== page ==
3 Types Of Satire Every Writer Should Know

You vaguely remember the satirical novels your English teachers compelled you to read.

Some stand out more than others — either because they were more fun to read or because their dark humor has clung to your consciousness ever since.

As you’ll see in the examples of satire listed in this post, most everyone who attended a school can point to a few reasons why the word “satire” gives them mixed feelings.

But what is satire, exactly? And how can you use it to your advantage?

What Is Satire? 

Satire is a literary device using irony, overstatement, and other comedic elements to highlight and openly criticize a person, organization, or worldview. 

The aim of satire is twofold:

  • To entertain and/or provoke their audience.
  • To expose and/or motivate their targets (to take corrective action).

Think of the stories you’ve read that made you laugh and then made you think about something you’d ignored up until then.

If a work of satire inspires you to step outside your comfort zone and do something to make yourself and the world better, it’s done its job.

3 Types Of Satire 

Three types of satire have thrived over the centuries since their first appearance on the literary scene, each named after the one who made it famous: 

  • Horatian (for Horace)
  • Juvenalian (for Juvenal)
  • Menippean (for Menippus)

Nowadays, it’s not always easy to identify one specific type of satire in someone’s work because so often, two of them are blended into a sort of hybrid.

But the better you know each of the satire types, the more clearly you can identify their elements

Horatian Satire

The Roman lyric poet, Horace, exemplified the gentlest kind of satiric humor. What we now call Horatian satire sees its subject as flawed, ridiculous, or in need of self-examination — but not evil.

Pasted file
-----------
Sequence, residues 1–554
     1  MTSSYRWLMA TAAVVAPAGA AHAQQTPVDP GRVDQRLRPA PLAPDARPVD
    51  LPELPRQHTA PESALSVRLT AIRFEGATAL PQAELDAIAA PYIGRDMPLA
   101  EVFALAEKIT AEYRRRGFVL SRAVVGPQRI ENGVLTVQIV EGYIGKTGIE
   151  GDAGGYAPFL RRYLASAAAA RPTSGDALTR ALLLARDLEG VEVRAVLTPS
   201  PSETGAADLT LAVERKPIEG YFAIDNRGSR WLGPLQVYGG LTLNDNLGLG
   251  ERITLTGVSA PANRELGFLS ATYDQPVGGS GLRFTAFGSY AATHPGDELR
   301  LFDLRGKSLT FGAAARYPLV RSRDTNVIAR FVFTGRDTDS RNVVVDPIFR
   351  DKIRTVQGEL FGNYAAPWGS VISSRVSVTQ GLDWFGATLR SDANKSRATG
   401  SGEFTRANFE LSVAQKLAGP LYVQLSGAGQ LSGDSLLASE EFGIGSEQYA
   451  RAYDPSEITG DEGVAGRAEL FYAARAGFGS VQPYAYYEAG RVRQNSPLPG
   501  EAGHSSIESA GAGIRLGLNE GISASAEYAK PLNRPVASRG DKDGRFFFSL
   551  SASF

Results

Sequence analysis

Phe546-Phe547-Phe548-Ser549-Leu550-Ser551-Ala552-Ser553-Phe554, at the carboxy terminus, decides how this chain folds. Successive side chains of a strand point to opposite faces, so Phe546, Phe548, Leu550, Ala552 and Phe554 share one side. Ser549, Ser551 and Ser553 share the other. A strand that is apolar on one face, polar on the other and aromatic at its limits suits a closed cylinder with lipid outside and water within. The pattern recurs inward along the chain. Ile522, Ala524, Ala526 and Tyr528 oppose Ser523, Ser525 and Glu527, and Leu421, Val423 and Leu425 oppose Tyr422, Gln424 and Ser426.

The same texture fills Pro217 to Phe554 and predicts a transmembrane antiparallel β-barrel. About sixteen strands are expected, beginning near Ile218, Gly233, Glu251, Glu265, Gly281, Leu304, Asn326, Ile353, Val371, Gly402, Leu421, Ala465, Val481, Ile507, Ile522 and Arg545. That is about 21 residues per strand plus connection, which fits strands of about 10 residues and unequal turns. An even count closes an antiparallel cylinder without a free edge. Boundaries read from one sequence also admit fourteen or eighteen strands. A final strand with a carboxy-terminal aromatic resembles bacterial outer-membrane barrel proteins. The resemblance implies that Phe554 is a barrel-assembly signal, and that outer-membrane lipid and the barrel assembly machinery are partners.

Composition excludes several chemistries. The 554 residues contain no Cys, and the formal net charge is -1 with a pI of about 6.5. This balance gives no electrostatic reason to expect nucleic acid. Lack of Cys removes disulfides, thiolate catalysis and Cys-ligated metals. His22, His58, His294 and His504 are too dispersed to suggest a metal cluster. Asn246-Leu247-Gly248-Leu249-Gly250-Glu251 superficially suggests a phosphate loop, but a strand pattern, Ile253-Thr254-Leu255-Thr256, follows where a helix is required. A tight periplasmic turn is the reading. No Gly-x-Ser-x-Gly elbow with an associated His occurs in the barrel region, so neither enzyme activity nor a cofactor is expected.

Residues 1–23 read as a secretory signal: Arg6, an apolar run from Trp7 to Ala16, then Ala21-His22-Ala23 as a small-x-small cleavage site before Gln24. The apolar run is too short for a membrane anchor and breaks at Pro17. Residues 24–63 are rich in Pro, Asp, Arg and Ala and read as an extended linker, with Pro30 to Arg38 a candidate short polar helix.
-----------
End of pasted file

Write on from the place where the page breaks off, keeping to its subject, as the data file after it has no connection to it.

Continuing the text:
This satire playfully digs at individuals or groups, along with the attitudes, behavior, or customs for which they’re known.

While humor is a strong motivator, the Horatian satirist is also driven to use their skill with words to change the world for the better.

Examples: 

  • Saturday Night Live (SNL)
  • The Rape of the Lock by Alexander Pope
  • The Importance of Being Ernest by Oscar Wilde

Juvenalian Satire

The most powerful Roman satiric poet, Juvenal, provides an answer to the question, “Does satire have to be funny?”

It doesn’t. Juvenalian satire is biting, angry, and contemptuous toward its subject. It doesn’t aim for humor so much as exposing hypocrisy or corruption. 

Unlike Horation satire, Juvenalian sees its subject as not only deserving of criticism but as genuinely evil or corrupt. The bitterness in its tone tends to overwhelm the humor, leaving the reader with either a stomachache or a taste for blood. 

Examples

  • Animal Farm and 1984 by George Orwell
  • Gulliver’s Travels by Jonathan Swift
  • Lord of the Flies by William Golding

Menippean Satire

The Greek satirist, Menippus, inspired others with his less personal take on satire, which focuses more on mindsets and worldviews rather than a specific human target or misdeed. 

Menippean satire is more prickly than Horatian satire but less aggressively hostile than Juvenalian.

It’s still calling people out for things like bigotry and racism, but it does so with less vitriol and without addressing a specific person or group.